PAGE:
If a discovery disagreement comes about early on in the process, the court would most likely welcome the parties resolving their issues by the use of a mediator without court interference. However, if the matter has dragged on for three, four, five or even six years (yes, I had one of those!), the Court is unlikely to have the patience to give the parties additional time to mediate the issues. The Court, most likely, will appoint a Special Discovery Referee or Special Master (the same thing) and empower that person to hear and determine the issues. But what if e-discovery problems predominate?
Let us assume the parties have Met and Conferred pursuant to Commercial Division Rules (a big assumption) and they are still unable to resolve their differences in the discovery or e-discovery area. Their next logical step should be the mediator or e-mediator. Better that you make this determination sooner than later before the Court compels you to do otherwise and appoints the aforementioned special master to hear these issues.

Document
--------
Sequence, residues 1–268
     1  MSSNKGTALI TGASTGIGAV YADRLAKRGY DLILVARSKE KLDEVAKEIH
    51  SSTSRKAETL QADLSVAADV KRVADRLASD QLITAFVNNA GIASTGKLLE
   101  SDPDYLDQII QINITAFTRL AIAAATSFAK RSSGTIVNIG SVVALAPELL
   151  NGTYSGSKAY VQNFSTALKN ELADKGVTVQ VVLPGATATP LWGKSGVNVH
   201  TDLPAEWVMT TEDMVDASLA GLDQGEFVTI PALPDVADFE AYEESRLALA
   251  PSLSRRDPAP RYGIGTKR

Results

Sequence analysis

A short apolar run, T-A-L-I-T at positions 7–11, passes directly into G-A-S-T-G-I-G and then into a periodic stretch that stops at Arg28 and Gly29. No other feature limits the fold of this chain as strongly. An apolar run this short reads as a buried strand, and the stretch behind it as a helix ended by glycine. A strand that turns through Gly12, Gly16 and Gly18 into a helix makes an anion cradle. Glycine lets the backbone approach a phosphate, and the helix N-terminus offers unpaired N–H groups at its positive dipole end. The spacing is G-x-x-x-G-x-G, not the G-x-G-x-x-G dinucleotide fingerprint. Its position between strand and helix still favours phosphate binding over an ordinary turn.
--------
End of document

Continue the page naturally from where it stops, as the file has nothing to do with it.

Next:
Some of you may have heard of mediators resolving or facilitating the resolution of discovery issues. Far fewer may have heard of this new ‘animal’ known as the e-mediator.
With the onset of the acceptance of TAR (technology assisted review, sometimes called predictive coding) as a tool in the e-discovery process, the need for a referee (a person with a striped shirt) with at least bare-bones knowledge of the process, will become more prevalent. By placing this problem within the mediation setting, it will assure confidentiality for all concerned.
It also may result in greater cooperation and a resultant reduction in cost.
Discovery is supposed to proceed in good faith on both sides, which regretfully is not always the reality.
If everyone followed the Sedona Conference Cooperation Proclamation, which notes the need for ‘transparency’ in the e-discovery process, we would all be better off. Regretfully, they don’t.